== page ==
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CULTURE: Inari the Rice-God and Why Atheists are begrudged Christmas

The Christmas season has drawn to a close, concluding my first calendar year as a stated, outspoken atheist. So this has been my first experience of the build-up to a supposedly religious holiday. 

Here are some of the questions I had:

Do atheists celebrate Christmas? If so, why? What is the reason for the season if you don't believe there was a Jesus or that worshipping him makes us better people?

My answer to all this is somewhat roundabout, and can be found in a recent Huffpost article on a Japanese religious holiday.


If I didn't have to return to work on Monday, and had unlimited funds, this is where I'd be. Visiting the stunning red halls of the Shinto shrine of Fushimi Inari-Taisha, steeping myself in the history of the place. Absorbing the architectural wonders and collective culture behind the worship of the rice-messenger God Inari. 

This is where I cut back to the atheist-meets-Christmas question. Why assume that only those who believe in a faith can appreciate its traditions? To see how absurd and judgemental this assumption is, you only need to step out of Western culture for a brief moment.

Imagine a friend showing you holiday snaps after travelling to this festival. Your friend is raving about the food, the accommodation they stayed in the wonderful Shinto traditions surrounding rice worship, paying homage to Inari with various offerings... 

Would you respond by saying "What a hypocrite you are. You don't even believe in a rice-God but you want to keep all the traditions! How convenient for you." 

And yet, this is the sort of response atheists hear all the time concerning Christmas. At best, like some of my acquaintances, a puzzled bemusement as to why someone who thinks Christ is fictional would indulge in these traditions. In some cases, outright mockery or hostility.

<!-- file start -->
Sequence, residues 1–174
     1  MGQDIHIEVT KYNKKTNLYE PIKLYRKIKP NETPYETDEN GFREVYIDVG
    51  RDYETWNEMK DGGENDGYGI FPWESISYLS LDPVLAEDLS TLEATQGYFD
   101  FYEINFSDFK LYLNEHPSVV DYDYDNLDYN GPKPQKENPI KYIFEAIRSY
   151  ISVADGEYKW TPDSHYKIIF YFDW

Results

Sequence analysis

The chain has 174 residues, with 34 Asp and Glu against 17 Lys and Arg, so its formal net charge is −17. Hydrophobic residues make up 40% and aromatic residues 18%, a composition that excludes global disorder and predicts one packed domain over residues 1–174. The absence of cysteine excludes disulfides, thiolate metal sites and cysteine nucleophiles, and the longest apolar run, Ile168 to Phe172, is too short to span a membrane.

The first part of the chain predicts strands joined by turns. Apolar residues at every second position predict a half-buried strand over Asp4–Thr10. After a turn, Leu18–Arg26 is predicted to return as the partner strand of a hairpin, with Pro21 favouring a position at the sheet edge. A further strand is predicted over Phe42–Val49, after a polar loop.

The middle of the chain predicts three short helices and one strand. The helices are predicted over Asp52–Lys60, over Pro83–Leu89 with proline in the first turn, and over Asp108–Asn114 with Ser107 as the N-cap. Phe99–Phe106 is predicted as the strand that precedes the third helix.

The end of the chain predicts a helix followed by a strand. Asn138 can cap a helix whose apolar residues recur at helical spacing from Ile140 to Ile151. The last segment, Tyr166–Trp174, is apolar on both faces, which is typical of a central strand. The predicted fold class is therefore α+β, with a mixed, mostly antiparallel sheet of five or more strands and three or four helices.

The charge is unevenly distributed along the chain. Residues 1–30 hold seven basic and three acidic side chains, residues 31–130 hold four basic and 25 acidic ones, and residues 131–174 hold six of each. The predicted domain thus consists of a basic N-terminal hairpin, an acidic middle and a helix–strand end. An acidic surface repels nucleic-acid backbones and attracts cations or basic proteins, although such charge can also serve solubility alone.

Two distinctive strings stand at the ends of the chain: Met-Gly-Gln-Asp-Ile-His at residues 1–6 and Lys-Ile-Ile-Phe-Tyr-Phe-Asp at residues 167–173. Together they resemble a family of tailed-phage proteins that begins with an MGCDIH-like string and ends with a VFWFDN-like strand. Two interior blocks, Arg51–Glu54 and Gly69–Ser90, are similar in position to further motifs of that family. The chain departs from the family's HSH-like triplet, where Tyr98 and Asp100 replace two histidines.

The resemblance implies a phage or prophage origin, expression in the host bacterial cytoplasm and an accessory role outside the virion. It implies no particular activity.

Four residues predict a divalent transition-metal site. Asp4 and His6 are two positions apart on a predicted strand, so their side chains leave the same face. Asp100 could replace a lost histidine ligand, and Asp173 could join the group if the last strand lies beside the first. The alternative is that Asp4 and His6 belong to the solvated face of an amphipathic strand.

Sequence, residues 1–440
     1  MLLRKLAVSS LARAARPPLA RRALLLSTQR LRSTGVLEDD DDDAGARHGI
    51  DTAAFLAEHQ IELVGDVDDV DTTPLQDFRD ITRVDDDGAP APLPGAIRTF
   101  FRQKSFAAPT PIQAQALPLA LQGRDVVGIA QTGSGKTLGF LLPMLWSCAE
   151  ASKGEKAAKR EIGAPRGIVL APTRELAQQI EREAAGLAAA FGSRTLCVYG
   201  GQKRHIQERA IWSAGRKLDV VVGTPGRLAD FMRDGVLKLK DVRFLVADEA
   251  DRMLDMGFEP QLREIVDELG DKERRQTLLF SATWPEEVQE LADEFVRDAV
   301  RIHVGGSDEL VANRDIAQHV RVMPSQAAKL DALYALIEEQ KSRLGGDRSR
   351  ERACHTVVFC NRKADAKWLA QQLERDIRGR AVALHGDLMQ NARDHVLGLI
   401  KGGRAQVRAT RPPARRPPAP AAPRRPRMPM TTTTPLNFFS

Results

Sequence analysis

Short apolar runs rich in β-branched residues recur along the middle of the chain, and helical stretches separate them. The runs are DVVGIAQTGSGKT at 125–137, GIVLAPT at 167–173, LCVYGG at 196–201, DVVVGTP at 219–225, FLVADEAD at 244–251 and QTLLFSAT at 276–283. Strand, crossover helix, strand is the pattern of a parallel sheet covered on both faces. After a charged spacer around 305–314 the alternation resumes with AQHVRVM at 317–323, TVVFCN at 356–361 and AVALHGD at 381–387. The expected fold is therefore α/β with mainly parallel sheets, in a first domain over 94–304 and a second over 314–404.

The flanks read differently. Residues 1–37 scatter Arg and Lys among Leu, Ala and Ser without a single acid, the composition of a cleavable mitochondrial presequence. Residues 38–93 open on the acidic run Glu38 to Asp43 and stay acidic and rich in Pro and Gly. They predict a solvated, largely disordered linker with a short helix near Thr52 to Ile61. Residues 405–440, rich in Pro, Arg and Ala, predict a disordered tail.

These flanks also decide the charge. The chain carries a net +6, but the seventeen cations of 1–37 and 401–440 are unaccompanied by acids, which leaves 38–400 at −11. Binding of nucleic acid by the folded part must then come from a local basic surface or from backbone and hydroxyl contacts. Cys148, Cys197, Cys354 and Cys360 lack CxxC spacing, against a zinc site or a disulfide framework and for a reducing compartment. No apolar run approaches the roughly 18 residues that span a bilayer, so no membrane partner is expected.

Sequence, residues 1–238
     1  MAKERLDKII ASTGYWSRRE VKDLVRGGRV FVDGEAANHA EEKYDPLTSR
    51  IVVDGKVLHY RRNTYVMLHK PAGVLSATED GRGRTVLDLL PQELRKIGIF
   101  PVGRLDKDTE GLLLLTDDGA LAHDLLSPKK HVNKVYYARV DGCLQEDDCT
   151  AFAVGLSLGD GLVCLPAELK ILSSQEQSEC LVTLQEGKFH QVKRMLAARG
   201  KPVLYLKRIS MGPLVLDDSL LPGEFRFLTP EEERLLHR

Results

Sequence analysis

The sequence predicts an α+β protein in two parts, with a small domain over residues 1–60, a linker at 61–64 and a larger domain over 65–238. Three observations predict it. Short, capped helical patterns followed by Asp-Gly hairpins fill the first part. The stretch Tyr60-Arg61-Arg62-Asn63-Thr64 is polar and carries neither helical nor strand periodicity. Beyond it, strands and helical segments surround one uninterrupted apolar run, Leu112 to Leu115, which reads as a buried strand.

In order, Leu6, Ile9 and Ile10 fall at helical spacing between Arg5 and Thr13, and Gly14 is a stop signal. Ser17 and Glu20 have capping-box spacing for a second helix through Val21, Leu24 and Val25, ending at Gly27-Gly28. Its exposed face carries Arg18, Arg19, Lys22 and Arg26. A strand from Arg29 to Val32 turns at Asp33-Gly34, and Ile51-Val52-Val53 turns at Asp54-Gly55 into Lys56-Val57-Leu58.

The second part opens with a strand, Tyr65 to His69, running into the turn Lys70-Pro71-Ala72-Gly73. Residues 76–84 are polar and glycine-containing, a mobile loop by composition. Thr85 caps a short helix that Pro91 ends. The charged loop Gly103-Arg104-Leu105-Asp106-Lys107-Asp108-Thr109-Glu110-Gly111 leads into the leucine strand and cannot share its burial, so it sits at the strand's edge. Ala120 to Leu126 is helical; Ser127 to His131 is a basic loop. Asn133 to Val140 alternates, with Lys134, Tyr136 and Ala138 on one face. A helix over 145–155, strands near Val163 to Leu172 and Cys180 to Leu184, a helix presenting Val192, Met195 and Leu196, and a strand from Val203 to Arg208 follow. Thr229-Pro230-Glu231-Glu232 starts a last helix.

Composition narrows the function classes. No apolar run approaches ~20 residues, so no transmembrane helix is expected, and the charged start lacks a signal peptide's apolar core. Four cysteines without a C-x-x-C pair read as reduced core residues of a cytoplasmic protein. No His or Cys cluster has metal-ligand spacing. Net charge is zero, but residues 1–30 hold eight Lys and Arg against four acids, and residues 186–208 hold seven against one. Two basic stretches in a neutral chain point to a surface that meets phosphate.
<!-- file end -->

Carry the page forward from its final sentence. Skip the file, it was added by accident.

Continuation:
Here's the deal. Most Christmas traditions are not Christian. There is no Santa in the Bible, and you won't find any fir trees in the Palestinian mythology of the Old or New Testaments. As for Turkey dinners and crackers, go figure.

If there are many reasons for the Season, Roman Saturnalia and Norse mythology rate petty high among them. Christ isn't even a bronze medal in the race for explanations Christmas traditions (his birthday if it happened at all, was not recorded in December).

But even if you could attribute Christmas to Christianity, why the hostility towards atheists joining in? Would you expect the same from Hindus celebrating  Diwali with non-Hindu guests?

To steal an analogy from the late Christopher Hitchens, surely I can appreciate the Doric architecture of the Parthenon without buying into the cult of Pallas Athena? In fact, the near-destruction of this monument by later religious movements (yes, you've guessed it, Christianity and Islam), and its current preservation by secular groups and governments suggests the exact opposite. Secular and nonreligious groups do a better job of appreciating and preserving religious art, customs and traditions.

Like Shinto festivals. Or Christmas.

So why the hostility? Why are Christians just less generous when it comes to doling out the spirit of Christmas towards atheists?

My guess as to the reason for the atheist curmudgeonry during the season can be summed up in one word: insecurity. 

If you can celebrate Christmas and keep the spirit of generosity and kindness it represents without the help of a religious group or priest, then who needs them?

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